Washington (CNN) -- Just days after a magnitude 5.8 earthquake cracked the Washington Monument in four places, the National Park Service is trying to protect it from being further damaged by Hurricane Irene, spokeswoman Carol Johnson said Friday.
Engineers for the National Park Service are working inside the Washington Monument to "plug holes and catch anything that they can't plug," Johnson told CNN. "We have a group of people who are on ropes up there, trying to pin and plug whatever they can."
The engineers are using a flexible insulation called backer rod.
"They are basically jamming it into the cracks," Johnson said.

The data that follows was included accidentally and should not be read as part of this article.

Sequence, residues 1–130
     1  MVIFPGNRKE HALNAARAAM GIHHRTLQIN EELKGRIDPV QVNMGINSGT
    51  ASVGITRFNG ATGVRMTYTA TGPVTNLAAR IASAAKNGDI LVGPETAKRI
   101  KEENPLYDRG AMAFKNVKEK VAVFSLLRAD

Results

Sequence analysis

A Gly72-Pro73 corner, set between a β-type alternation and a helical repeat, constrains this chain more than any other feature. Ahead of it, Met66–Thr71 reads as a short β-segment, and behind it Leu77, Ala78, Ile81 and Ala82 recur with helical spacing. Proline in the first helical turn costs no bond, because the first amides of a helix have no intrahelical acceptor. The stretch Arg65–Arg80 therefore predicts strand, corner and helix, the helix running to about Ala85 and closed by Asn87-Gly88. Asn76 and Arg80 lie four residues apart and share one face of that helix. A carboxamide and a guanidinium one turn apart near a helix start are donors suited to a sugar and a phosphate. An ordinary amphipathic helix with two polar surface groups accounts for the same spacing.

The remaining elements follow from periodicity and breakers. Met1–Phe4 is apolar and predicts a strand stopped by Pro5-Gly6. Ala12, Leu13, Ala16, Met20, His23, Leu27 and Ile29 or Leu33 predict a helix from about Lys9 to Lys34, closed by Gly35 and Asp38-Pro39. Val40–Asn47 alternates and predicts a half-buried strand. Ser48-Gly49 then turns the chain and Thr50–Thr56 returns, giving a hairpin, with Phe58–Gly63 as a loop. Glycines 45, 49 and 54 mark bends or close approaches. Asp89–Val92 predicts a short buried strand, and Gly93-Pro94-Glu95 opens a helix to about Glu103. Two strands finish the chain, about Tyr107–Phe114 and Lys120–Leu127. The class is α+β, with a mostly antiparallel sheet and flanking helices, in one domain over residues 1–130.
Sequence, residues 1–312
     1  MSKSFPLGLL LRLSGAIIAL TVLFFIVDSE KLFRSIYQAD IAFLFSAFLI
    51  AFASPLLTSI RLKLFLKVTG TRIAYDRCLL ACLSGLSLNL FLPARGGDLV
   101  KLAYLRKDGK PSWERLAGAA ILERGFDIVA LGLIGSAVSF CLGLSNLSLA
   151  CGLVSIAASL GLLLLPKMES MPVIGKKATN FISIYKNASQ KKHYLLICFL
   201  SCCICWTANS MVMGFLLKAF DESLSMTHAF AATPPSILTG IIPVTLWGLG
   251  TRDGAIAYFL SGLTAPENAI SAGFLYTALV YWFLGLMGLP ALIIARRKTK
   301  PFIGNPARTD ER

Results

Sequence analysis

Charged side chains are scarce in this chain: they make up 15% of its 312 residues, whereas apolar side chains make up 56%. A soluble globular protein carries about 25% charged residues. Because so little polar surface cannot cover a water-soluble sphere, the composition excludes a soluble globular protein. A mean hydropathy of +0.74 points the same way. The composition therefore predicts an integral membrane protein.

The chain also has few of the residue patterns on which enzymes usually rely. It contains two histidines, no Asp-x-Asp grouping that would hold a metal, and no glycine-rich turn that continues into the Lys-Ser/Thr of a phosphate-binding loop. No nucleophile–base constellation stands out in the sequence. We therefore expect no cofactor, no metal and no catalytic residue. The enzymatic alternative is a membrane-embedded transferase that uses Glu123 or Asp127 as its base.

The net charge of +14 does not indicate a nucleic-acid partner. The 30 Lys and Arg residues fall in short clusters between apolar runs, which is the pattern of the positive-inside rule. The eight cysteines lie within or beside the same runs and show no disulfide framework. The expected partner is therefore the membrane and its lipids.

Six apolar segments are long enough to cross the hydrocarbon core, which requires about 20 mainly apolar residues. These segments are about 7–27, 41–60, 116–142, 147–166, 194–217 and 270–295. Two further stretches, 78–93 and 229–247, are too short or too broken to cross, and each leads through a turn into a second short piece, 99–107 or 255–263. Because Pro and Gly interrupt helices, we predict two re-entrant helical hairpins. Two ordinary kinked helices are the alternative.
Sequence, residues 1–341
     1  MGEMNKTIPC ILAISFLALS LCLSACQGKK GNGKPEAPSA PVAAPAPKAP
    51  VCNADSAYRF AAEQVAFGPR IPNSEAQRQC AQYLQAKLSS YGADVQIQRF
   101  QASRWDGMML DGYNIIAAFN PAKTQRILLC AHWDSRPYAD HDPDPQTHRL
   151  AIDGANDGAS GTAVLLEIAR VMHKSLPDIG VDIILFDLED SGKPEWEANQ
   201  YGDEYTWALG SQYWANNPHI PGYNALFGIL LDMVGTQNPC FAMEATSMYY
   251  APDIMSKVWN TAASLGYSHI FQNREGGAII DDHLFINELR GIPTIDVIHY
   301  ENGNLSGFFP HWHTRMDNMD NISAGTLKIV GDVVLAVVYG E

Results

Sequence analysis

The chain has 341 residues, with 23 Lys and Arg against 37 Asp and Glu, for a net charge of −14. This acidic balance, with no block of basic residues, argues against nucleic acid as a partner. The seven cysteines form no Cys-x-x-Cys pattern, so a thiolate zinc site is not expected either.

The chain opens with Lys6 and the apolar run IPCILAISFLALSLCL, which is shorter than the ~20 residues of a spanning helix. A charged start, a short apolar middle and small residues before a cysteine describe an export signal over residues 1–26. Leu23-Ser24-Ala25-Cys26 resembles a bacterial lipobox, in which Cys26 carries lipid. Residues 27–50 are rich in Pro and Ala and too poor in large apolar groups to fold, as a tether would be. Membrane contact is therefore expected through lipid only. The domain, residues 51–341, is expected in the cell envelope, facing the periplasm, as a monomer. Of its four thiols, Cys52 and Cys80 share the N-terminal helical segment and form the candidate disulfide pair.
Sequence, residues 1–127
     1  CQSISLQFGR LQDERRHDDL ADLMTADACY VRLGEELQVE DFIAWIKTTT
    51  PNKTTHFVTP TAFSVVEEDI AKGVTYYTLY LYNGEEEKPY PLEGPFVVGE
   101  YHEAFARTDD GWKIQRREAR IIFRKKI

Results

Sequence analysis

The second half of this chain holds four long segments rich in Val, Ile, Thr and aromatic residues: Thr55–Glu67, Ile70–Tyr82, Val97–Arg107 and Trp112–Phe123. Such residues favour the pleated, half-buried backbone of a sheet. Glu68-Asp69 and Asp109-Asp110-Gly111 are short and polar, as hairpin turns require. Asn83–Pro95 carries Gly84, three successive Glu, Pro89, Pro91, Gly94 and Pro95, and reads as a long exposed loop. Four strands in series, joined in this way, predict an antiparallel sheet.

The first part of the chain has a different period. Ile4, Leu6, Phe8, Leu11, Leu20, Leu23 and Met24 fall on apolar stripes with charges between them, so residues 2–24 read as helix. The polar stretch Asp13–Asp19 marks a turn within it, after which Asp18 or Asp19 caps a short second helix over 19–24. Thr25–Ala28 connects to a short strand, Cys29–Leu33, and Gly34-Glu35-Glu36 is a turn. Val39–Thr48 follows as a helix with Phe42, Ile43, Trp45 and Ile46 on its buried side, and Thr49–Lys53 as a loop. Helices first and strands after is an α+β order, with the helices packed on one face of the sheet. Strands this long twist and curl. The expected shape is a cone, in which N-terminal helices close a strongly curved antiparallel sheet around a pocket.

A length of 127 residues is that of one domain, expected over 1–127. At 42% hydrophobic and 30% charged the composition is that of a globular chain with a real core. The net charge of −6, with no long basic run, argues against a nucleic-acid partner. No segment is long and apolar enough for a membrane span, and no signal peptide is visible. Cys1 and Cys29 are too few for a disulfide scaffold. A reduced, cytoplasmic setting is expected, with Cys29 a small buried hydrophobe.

"They are doing what they can and putting this backer rod in and then they are going to go back up and inspect after the storm," she added.
One area of special concern -- the most extensive damage to the stonework near the top caused by Tuesday's earthquake.
"The crack is about 4 feet long and 1 inch wide and in some places wider and you can see sunlight through the crack," Johnson said.
The monument is closed indefinitely to the public while engineers assess the damage caused by the quake.
Even without the new cracks, the monument would have experienced seepage because of the way it was built, according to Johnson.
"The anticipation is there will be more water because of these cracks. These cracks allow the water to get directly through and that is why we are doing everything we can to put in temporary waterproofing," Johnson said.
However, the water is not expected to compromise the stability of the structure, she said.
The first rain bands from Hurricane Irene began hitting the South and North Carolina coasts Friday. The storm is expected to near the D.C. area Saturday night into Sunday.